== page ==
Real estate agency sees the future – and it’s online auctions

One office is so convinced that online auctions will change the face of real estate that it’s now using the method to differentiate itself from rivals.

Ray White Bella Vista in Sydney held an event on Thursday night to promote the sale method, as well as online platform Exchangehouse to consumers.

Owner Peter Upton told the audience that consumers and agents needed to accept that online auctions would seriously disrupt the real estate industry.

“Technology has got to the point where this is as inevitable as night following day – but it won’t happen in five minutes,” he said.

Mr Upton emphasised during the presentation that he held the exclusive local rights to use Exchangehouse, so vendors would have to employ his office if they wanted to sell their home on the platform.

Ray White Bella Vista has so far sold four properties on Exchangehouse and has three more scheduled for later this month.

“Initially we wanted to test the platform in a real-life situation to be confident it was seamless,” Mr Upton told REB.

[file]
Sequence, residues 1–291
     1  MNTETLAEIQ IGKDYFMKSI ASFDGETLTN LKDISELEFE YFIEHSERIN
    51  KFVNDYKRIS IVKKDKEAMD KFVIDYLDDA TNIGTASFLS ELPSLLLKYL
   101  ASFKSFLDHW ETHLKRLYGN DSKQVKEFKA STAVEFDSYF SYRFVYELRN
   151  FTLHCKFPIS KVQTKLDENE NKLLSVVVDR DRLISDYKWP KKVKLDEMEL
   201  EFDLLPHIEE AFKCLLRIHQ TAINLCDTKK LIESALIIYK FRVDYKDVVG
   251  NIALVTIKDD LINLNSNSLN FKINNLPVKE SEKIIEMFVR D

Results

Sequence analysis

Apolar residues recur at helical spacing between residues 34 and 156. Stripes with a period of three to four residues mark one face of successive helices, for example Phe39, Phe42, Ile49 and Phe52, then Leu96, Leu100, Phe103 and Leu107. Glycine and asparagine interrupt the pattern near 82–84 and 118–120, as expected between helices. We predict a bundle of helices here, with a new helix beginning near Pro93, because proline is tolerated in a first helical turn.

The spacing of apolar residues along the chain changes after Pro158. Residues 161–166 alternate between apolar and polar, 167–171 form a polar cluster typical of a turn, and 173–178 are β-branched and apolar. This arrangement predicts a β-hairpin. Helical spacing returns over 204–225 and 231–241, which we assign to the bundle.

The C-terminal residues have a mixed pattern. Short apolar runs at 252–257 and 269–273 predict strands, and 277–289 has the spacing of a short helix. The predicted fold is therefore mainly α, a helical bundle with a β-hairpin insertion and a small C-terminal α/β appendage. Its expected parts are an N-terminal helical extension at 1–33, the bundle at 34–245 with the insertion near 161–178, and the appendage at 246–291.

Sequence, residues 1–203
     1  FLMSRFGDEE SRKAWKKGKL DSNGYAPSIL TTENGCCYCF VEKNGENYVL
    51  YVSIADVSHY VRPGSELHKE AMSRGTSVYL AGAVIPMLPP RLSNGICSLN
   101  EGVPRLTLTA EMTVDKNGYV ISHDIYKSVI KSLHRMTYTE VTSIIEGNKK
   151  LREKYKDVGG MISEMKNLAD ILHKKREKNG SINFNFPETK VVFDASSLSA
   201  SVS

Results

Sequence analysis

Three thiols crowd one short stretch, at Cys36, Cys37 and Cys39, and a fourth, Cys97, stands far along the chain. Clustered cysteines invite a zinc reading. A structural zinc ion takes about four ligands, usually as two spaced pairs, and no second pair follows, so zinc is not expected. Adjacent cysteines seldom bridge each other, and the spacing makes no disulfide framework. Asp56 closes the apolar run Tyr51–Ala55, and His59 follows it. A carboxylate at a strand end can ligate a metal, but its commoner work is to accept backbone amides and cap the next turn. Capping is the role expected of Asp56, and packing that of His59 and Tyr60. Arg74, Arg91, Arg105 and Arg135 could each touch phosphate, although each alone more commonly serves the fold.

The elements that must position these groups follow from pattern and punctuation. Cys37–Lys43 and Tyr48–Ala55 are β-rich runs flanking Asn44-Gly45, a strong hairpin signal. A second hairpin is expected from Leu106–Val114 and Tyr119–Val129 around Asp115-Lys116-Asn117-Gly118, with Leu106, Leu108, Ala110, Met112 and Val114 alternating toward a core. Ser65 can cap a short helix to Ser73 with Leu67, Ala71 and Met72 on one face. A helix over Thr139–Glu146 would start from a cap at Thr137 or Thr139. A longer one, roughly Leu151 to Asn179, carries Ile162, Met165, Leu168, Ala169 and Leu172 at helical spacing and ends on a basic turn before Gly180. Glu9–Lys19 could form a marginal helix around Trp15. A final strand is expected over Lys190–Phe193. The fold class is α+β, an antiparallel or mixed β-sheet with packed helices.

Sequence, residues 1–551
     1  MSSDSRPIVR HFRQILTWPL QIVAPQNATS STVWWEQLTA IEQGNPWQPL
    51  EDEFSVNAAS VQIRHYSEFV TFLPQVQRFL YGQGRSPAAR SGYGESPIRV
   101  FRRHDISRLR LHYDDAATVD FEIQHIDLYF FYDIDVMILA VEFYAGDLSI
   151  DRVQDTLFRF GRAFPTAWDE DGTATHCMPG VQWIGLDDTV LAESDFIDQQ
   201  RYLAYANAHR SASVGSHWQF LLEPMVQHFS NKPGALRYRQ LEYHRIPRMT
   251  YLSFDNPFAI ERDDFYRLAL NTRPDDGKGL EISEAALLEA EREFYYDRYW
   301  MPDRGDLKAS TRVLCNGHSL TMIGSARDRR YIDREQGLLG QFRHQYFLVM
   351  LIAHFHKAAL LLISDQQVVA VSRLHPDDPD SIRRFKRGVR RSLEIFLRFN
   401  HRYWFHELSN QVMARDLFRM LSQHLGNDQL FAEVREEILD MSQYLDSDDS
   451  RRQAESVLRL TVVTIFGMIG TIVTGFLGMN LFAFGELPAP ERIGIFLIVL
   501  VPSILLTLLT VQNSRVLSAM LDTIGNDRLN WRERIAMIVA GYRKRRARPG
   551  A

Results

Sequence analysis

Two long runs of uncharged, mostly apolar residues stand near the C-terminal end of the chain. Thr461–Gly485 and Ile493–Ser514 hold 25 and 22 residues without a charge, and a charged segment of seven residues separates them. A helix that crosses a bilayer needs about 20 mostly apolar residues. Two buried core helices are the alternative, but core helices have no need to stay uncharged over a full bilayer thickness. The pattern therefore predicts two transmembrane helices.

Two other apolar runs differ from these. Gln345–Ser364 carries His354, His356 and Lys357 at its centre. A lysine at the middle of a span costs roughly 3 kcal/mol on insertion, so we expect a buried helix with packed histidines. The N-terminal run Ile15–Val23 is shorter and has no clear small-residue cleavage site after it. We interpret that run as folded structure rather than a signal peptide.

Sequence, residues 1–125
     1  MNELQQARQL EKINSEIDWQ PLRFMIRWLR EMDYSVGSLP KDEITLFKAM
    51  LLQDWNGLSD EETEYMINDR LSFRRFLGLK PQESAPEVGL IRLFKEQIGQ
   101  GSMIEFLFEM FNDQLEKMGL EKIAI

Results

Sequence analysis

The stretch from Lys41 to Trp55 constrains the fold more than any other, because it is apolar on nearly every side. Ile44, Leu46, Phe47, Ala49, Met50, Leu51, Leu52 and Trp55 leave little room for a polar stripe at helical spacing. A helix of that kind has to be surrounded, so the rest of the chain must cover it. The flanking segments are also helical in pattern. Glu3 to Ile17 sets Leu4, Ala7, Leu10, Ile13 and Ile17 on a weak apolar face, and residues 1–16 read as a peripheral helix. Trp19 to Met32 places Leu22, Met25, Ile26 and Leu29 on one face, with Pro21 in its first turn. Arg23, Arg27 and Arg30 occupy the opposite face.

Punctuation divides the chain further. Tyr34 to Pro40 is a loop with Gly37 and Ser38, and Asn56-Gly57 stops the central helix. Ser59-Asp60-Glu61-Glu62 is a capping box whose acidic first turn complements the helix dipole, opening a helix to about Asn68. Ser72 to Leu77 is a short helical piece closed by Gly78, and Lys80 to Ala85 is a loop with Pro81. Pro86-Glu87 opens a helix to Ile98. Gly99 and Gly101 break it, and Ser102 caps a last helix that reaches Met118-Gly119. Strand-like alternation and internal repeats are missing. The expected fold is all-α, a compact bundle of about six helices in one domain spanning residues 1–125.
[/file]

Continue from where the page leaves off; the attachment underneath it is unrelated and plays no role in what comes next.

“I had decided that online sales were due to burst onto the real estate scene, and if this was true, I wanted to ensure that we were amongst the first to offer it.”

Mr Upton said there is nothing wrong with regular auctions but that online selling removes the extreme pressure that buyers and sellers can feel when using the traditional method.

“I also felt that having more time to negotiate was advantageous to the seller,” he added.

Exchangehouse auctions run for an average of two days – they conclude when a bid has gone unchallenged for 24 hours, giving agents extra time to communicate with buyers.

Exchangehouse claims to have handled $15 million of property since the platform launched in late 2014.

Buyers must provide 100 points of identification to register for auctions. All bids are binding, and deposits must be paid within 48 hours.

[Related: Online auctions have arrived – but not everyone’s sold]

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